Alexander Stubb, vice president of the European Investment Bank – in which the UK is a 16% shareholder – said it would not be fully repaid until 2054.
He described Brexit as a “travesty” but denied the move was a punishment.
“The EIB has leveraged the economy of the UK many, many fold over the years,” he told BBC Radio 4’s Today.
The UK has 3.5bn euros (£3.1bn) of capital at the bank and a House of Lords report said the UK’s investment could be worth 10.1bn (£8.9bn) euros taking into account reserves and profits.

Another story covered by BBC News concerns the Common Agricultural policy.

The UK is seeking to leave the EU Common Agricultural Policy in March 2019, Scotland Office minister Lord Duncan has said.
Speaking at a National Farmers Union Scotland conference, he said the UK was pushing to split subsidy payments from any transitional Brexit deal.
Lord Duncan said this would mean farmers being paid from a UK pot.
Scottish Brexit minister Michael Russell said the move could restrict the sale of farm produce to the EU.
UK ministers have said the level of funding to farmers after the UK formally leaves the EU would be guaranteed until 2022.

But there is still a huge question over how EU countries will cover the financial shortfall after Brexit, says the Express.

HUGE divisions between EU member states over how to plug the mammoth budget black hole the bloc is facing after Brexit are exposed today by a bombshell internal dossier.
A dynamite briefing shows how different countries are openly at loggerheads over whether to maintain the club’s gargantuan spending levels once it loses its second biggest net contributor.
EU budget chiefs have admitted they will be down by around £10 billion a year once Britain has quit the bloc in 2019, meaning countries will either have to pay more or receive less.
British MEP Steven Woolfe told Brussels faces a “huge political headache” over the crisis, as it will have to get all 27 leaders to agree to a set of unpalatable compromises.
The Commission insists that it should not be required to cut its cloth accordingly by reducing the size of the budget, and instead wants member states to make up half of the lost cash. 


Westmonster has the result of a poll showing that the support for Brexit is growing.

Despite the constant claims from Remoaners that the public want a watered down Brexit or the whole thing abandoned completely, a new poll shows that in in fact it is those opposing the UK’s EU exit who remain very much on the fringes of public opinion.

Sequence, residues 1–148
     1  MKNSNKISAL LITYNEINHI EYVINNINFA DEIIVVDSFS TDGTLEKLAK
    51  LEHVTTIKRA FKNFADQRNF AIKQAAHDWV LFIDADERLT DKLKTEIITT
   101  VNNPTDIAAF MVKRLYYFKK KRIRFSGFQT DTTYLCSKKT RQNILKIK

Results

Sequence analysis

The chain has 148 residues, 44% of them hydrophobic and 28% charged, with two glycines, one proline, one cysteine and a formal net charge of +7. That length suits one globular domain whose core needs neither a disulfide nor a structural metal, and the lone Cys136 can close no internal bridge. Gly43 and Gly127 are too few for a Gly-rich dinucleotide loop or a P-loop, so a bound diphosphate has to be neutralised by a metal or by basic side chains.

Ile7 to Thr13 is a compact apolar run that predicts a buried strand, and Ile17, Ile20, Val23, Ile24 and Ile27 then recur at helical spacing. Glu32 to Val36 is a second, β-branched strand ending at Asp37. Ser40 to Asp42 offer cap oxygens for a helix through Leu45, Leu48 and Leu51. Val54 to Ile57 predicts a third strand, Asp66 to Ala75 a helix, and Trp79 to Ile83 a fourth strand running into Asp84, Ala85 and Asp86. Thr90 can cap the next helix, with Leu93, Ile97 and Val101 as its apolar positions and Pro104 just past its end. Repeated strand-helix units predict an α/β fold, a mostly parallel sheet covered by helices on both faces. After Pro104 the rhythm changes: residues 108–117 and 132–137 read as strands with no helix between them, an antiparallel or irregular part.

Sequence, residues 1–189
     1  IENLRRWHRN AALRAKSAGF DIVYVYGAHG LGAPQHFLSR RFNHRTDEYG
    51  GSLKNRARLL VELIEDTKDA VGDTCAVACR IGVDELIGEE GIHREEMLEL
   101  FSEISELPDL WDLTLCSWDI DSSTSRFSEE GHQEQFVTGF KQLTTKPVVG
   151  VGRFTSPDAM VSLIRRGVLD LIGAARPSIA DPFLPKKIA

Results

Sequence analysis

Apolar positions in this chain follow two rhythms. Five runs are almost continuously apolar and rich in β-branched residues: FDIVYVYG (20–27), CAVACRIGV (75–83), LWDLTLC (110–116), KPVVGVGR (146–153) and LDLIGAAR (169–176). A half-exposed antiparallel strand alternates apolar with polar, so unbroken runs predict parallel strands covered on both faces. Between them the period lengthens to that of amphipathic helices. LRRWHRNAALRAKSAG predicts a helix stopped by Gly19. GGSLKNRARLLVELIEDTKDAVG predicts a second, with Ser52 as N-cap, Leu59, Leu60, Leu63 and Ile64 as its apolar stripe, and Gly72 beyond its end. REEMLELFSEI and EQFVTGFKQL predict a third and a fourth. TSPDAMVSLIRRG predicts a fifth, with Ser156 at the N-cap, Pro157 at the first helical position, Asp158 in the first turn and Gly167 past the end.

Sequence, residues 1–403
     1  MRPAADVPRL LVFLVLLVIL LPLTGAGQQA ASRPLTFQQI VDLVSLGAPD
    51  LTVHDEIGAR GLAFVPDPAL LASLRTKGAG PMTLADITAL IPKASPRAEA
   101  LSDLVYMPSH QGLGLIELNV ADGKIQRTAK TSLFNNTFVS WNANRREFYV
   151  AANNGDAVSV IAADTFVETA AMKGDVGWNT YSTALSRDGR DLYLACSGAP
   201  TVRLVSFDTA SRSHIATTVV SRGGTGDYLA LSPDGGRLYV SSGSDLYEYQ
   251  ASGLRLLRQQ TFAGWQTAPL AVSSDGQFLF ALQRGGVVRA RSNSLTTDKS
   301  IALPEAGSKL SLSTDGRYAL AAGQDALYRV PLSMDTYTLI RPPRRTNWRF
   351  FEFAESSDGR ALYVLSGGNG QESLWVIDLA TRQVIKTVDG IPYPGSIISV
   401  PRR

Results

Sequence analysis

YouGov found that just 10% think the government should opt for a so-called ‘softer’ Brexit, just 19% want a second referendum and only a pitiful 12% want to abandon Brexit.
Even amongst Remain voters, only 26% want to see Brexit abandoned compared to 33% of Remainers who want the government to get on with it one way or another. Just 1% of Leave voters want to see Brexit abandoned.
Meanwhile 45% of Brits want the government to carry on with current plans to exit the Brussels bloc, whilst 14% say they don’t know.
Reality check for those MPs who are still trying to pretend that the country isn’t largely united behind Britain’s Brexit future.


BBC News carries a story about a debate on Proportional Representation.

Another bid to scrap the UK’s first-past-the-post voting system will be debated by MPs on Monday.
More than 100,000 people signed a petition to adopt proportional representation for general elections.
Campaigners argue that the current system is meant to deliver decisive results but the 2010 and 2017 general elections resulted in hung parliaments.
The government says the 2011 AV referendum shows the public do not want to change first- past-the-post.
Under first-past-the-post (FPTP), the candidate who receives the most votes in a local constituency wins a seat in the House of Commons.
This means the number of seats each political party wins does not reflect its share of the vote nationally – in 2015, UKIP picked up 3.9m votes but only won one seat.


In other news, the Mail reports an NHS in crisis.

Hospitals are so understaffed they may have to turn away elderly patients seriously ill with flu this winter, an analysis reveals today.
The country is facing a devastating outbreak of a new strain of the illness, which could kill thousands and fuel a winter crisis in the NHS.
Several hospitals surveyed by the Mail this week said they are too understaffed to take in any extra patients. Some have launched desperate searches for more nurses abroad.
One Trust admitted patients turning up with flu at A&E this winter will be ‘eyeballed’ by nurses at the front door and sent to an on-site GP if they did not look seriously ill.
Another has warned it has ‘significant concern for patient safety’ ahead of the flu season. Separately, the NHS yesterday revealed nine in ten hospital bosses are ‘concerned’ they will not cope while 62 per cent are ‘extremely concerned’.